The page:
In vivo

The PMP22 transgenic rat model represents a model for the most common human, hereditary peripheral neuropathy, Charcot-Marie-Tooth disease 1A. The CMT1A disease leads to a slowly progressing muscle weakness and sensitive symptoms in affected patients. Unfortunately, the pathomechanism of the disease has so far been poorly understood and no therapies are available for the patients. The CMT1A rat model reflects the characteristics of human diseases very well, and is therefore particularly suitable for researching the CMT1A disease both in basic scientific questions and with a view to the development of new therapeutic approaches. The CMT rat allows a better understanding of the cellular disease mechanism operating in human CMT1A, and should be helpful in the analysis of modifier genes, epigenetic factors, and in the evaluation of experimental treatment strategies. We also interest to investigate the motor unit-beyond Schwann cell pathology by examination the neuromuscular junctions (NMJ) and muscle pathology in CMT rats. Beyond established axonal and myelin deficits in CMT1A pathology, the impact of abnormal synaptic transmission at the neuromuscular junction (NMJ) has not been investigated in detail in preclinical trials. Structural and functional alterations of the NMJ are frequently present in affected nerves, but their contribution to impaired motor function remains unclear.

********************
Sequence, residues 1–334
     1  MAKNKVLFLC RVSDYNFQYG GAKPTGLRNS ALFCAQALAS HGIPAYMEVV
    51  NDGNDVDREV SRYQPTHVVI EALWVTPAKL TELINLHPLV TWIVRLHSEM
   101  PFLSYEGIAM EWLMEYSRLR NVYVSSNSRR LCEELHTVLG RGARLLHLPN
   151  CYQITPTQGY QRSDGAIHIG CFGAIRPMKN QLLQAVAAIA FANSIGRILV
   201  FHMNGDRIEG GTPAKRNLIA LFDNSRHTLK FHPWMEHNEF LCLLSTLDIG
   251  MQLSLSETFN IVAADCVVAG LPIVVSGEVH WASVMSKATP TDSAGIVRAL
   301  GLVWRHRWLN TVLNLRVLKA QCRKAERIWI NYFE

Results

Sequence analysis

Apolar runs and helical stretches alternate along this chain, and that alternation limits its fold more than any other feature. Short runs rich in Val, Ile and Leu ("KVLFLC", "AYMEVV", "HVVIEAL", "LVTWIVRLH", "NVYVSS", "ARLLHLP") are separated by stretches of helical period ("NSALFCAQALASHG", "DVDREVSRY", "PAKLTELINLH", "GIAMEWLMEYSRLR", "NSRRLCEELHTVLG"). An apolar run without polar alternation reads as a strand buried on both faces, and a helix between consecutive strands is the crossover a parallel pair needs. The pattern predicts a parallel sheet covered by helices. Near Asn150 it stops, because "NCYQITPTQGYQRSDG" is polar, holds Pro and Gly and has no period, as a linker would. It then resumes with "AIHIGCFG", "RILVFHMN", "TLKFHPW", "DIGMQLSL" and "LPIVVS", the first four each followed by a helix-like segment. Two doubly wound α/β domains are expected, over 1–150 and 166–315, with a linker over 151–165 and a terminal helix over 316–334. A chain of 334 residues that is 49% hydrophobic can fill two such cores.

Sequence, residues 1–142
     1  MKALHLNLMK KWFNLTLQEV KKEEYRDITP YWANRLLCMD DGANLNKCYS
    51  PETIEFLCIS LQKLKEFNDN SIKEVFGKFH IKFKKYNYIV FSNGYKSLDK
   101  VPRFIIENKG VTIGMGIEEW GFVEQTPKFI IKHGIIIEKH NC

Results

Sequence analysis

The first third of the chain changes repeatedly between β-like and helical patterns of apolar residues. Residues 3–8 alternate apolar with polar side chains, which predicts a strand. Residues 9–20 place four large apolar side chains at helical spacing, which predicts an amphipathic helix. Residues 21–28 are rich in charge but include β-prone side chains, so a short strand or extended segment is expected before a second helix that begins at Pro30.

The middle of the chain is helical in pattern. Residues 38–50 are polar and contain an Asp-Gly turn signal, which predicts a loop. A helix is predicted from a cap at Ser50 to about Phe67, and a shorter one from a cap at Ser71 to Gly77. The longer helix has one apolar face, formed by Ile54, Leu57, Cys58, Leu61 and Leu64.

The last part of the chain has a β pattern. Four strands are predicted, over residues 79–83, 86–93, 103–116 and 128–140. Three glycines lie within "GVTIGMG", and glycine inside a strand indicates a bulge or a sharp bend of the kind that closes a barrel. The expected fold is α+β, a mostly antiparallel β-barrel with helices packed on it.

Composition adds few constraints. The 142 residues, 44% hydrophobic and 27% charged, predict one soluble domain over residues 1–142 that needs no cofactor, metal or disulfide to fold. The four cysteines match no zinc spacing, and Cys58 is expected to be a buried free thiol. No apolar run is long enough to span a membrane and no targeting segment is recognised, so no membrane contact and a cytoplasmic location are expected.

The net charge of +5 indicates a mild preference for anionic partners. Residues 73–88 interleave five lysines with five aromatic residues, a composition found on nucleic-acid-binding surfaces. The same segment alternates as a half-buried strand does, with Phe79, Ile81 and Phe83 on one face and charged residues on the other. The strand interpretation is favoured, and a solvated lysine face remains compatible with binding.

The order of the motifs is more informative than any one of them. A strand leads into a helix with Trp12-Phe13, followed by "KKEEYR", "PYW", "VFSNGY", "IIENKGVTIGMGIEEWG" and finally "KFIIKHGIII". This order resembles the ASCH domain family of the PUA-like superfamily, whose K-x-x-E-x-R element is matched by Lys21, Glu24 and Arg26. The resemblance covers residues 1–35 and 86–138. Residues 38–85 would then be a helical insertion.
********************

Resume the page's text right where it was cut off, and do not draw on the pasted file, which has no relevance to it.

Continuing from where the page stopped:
In vitro

The dorsal root ganglion (DRG) co-culture system as an in vitro model for myelination represents the in vivo situation with close interaction between neurons, Schwann cells and fibroblasts. Different stages of the myelination process can be monitored (alignment of the Schwann cells with axons, early myelination and late myelination). The model allows easy the application of compounds via the medium to understand the metabolic pathways, cell signaling or protein-protein interaction. Also the Schwann cell culture system is established and allows an understanding of the mechanistically pathways of the myelination process and the cell signaling.


Beyond established axonal and myelin deficits in CMT1A pathology, the impact of abnormal synaptic transmission at the neuromuscular junction (NMJ) has not been investigated in detail in preclinical trials. Structural and functional alterations of the NMJ are frequently present in affected nerves, but their contribution to impaired motor function remains unclear. Previous investigations identified a reduced number of functional NMJs in a Pmp22 transgenic mouse model of CMT1A. In addition, synaptic dysfunction was shown to be a cause of muscle weakness and fatigue in a mouse model of CMT2D. Impaired synaptic transmission and the number and functionality of NMJs is thought to contribute to disease severity and progression in the Trembler-J mouse, a model of CMT1E carrying a mutation in the Pmp22 gene.

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